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Glaston was brought in to a North West hospital following concerns over the existing compressed air supply in their main laundry room. Hospital bosses felt that the air being produced had a damp quality, so Glaston was tasked with installing new desiccant dryer equipment – without disrupting day-to-day operations.
Following a site visit, Glaston determined that the most effective solution would be to dry the compressed air as it was produced in order to maintain maximum reliability of the hospital laundry facility.
Of course, in public sector environments such as this, where staff and civilian safety could be affected, detailed risk assessments had to be even more rigorous than usual. Critically, every detail is planned, any hazards foreseen and every risk minimised. All the relevant documentation for the engineer’s ability to work on the site was submitted and checked over.
The importance of adhering to strict guidelines is even more apparent in the case of government sites. When working on a government site, it is compulsory for engineers to carry the Client Contractor National Safety Group Passport, also known as the CCNSG card or SCATS card.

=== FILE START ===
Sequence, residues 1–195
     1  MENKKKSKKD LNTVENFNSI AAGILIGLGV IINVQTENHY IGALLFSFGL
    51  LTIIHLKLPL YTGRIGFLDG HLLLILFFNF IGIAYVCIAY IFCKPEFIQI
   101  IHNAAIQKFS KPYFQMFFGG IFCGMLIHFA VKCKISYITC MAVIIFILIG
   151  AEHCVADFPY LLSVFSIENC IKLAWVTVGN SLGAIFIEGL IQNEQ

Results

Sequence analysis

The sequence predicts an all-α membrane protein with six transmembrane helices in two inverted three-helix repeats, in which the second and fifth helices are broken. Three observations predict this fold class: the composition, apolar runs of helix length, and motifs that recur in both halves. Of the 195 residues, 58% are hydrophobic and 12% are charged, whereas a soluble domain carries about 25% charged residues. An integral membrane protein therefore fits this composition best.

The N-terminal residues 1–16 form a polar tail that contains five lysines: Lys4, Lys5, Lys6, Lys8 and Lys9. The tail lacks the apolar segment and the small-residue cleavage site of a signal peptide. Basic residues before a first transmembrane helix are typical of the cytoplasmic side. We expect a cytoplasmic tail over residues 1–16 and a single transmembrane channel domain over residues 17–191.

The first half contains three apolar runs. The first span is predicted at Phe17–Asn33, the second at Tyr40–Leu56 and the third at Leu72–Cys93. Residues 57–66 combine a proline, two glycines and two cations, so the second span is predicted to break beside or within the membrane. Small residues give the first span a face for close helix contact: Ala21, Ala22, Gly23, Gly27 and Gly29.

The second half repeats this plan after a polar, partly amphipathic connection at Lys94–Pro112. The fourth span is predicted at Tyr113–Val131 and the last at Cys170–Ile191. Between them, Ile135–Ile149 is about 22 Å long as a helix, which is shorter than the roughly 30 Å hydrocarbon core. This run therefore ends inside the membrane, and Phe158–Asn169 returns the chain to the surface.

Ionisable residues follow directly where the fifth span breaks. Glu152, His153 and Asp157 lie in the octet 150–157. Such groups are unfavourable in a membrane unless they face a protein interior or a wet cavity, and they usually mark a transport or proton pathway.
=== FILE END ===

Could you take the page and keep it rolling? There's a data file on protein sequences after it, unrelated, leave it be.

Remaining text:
The pass covers the following regulations:
Once all health and safety regulations were taken care of, Glaston carried out a full audit of the scale of the work, including risk management, potential hazards, obstacles and outcomes. It was important to note the ambient temperature of the laundry room and how this would be affected seasonally. It was confirmed that the temperature could rise considerably in the summer months, which meant that the dryer had to be oversized to maximise its efficiency during this time.
Following a full investigation, a new desiccant compressed air dryer was sized-up to the requirements of the plant room. The size and specification of equipment such as this is very important. If the dryer is incorrectly sized and the ambient temperature rises, the dryer will overstep its working parameters and will fail. Thus allowing water to enter the air lines. This could cause expensive repairs and reduce the lifespan of any equipment being fed with the supply air.
Due to the unique nature of this job, most of the pipework was prefabricated. The task was carried out in this way to ensure the least downtime for the business and to enable a smooth installation to take place. The work was carried out quickly, efficiently and to the satisfaction of the business.
Once installed, the dryer and compressed air system were tested for leaks and pressure requirements. All the relevant permits were secured and the job was signed off and inspected by hospital bosses. The equipment was then logged for warranty and for regular preventive maintenance under a Glaston service agreement, ensuring longevity and peace of mind for the hospital.
The benefits of having a dry compressed air system in the laundry room meant that conditions were immediately improved for hospital staff. Processes were smoother and more hygienic, with better results guaranteed across all laundry processes. The working environment was also improved and as a result, spirits were lifted across the department.